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Docs question AHA depression screening for heart patients

It's been only two months since the American Heart Association (AHA) recommended routine screening of cardiac patients for depression, and already those guidelines are being shot down.

Screening and treating heart patients for depression didn’t improve survival or cardiac health, according to a review of 17 studies published today in the JAMA The Journal of the American Medical Association. In those who showed signs of depression, symptoms improved only slightly — by 1 to 4 percent — with antidepressant drug treatment.

"We cannot in good conscience support screening all heart patients," study co-author Roy Ziegelstein, vice chairman of medicine at Johns Hopkins Bayview Medical Center in Baltimore, said in a statement. "This is a difficult call for us to make, but it is in the best interest of patients at this time" because of its cost, side effects of drug treatment and potentially negative effects of being misdiagnosed as depressed.

Some 30 percent of heart patients have depressive symptoms, according to a 2000 study in the Journal of Psychosomatic Medicine, and 20 percent have major depression that interferes with their functioning, a 2006 study in the Journal of General Internal Medicine showed.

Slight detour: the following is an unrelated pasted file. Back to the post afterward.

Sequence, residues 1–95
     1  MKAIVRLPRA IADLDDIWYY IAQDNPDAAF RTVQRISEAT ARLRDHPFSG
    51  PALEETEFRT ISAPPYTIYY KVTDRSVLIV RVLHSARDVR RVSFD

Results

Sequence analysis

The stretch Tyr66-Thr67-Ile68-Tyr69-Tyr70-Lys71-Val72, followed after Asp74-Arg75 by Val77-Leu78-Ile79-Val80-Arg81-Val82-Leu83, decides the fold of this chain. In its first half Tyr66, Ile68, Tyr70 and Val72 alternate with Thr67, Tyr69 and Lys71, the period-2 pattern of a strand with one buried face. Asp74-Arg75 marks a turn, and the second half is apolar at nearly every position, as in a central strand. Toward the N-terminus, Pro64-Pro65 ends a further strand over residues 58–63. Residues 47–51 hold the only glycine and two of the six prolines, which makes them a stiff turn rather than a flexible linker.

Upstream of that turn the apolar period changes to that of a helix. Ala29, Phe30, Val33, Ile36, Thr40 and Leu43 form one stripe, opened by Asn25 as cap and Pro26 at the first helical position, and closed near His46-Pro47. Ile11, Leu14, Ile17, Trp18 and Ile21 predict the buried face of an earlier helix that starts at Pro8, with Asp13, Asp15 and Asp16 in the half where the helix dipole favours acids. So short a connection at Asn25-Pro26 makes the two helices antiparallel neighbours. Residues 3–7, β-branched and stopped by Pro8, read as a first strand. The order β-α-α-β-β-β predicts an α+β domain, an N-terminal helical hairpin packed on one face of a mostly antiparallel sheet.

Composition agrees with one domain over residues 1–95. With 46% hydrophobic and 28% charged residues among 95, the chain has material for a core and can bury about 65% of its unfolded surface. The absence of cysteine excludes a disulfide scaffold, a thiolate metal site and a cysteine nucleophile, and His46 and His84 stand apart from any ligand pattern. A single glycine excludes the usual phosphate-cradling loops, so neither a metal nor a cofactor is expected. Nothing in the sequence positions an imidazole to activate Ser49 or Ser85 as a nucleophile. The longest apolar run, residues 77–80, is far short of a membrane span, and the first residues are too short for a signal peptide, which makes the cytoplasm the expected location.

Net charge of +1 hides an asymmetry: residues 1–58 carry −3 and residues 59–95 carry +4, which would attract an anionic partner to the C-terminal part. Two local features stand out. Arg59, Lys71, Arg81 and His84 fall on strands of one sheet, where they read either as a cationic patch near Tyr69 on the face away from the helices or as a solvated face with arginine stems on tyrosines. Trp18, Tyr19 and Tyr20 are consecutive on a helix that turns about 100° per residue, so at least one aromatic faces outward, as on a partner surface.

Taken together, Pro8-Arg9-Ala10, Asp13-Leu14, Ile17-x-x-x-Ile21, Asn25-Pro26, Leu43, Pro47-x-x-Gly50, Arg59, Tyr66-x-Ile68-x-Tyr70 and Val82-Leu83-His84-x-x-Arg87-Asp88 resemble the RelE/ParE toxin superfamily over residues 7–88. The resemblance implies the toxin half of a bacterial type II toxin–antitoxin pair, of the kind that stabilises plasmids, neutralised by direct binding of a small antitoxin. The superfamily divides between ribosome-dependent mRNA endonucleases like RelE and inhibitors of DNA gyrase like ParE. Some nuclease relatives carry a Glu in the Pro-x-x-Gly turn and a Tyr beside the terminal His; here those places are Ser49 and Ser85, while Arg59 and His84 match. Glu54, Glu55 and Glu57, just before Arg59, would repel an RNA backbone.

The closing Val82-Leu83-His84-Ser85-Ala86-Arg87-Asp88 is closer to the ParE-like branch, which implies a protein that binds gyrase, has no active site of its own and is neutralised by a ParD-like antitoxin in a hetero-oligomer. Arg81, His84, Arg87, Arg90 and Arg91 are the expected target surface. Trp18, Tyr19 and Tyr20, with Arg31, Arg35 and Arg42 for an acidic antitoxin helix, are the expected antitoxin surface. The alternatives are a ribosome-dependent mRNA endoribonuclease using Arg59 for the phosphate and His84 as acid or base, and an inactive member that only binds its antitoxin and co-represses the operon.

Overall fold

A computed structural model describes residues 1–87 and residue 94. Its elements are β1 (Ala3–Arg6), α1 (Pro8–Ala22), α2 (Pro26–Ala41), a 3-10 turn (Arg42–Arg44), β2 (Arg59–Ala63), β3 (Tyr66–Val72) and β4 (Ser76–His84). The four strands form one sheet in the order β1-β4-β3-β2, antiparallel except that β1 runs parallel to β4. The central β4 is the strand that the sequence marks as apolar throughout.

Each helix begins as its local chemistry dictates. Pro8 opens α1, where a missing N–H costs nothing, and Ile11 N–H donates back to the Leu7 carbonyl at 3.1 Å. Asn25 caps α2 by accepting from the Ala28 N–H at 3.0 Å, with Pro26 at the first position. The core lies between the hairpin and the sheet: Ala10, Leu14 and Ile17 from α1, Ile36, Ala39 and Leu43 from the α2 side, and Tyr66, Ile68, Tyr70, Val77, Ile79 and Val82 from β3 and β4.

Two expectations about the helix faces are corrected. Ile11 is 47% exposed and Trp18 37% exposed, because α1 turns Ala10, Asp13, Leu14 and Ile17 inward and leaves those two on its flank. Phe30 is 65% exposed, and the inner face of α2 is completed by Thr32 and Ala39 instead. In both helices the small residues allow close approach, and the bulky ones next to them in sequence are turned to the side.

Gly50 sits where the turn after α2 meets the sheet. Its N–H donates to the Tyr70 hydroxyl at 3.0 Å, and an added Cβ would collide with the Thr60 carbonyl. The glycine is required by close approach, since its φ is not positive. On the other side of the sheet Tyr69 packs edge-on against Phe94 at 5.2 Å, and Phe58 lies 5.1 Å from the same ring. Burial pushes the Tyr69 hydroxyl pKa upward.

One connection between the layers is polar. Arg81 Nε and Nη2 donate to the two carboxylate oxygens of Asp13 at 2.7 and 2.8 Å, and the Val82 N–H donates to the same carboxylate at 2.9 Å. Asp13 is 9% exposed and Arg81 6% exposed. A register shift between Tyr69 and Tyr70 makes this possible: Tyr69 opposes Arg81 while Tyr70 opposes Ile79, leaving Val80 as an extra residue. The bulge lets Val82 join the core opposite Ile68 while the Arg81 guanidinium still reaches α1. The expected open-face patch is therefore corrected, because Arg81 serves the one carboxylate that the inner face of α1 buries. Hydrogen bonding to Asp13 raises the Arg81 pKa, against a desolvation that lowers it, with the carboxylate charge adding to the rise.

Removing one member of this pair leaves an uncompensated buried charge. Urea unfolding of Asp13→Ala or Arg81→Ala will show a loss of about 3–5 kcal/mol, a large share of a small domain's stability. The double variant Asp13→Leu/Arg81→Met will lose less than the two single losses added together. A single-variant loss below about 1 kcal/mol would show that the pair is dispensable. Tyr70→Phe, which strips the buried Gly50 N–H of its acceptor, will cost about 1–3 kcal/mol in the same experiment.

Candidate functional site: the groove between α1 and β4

The AHA recommends that heart patients are screened for depressive symptoms with a two- or nine-question survey, then referred for a more detailed workup if they score high on those questions. Patients who are diagnosed with depression should be treated with medication, counseling, exercise, cardiac rehabilitation or a combination, according to the guidelines.

Those guidelines concede that "there is currently no direct evidence that screening for depression leads to improved outcomes in cardiovascular populations." But they say that screening is worth it because depression is associated with a doubled risk of cardiac problems in the first two years after a heart attack, as well as diminished quality of life.

"The feeling is so powerful that depressed people are living such poor quality of lives that it's not that you'll die of the disease, but that you'll be unhappy for the time you're alive," says Richard Stein, an AHA spokesman and director of urban cardiology at N.Y.U. School of Medicine. "Is there enough of a clinical rationale of treating [their depression]? The feeling of the AHA is, yes, there is."

Image by iStockphoto/Don Bayley

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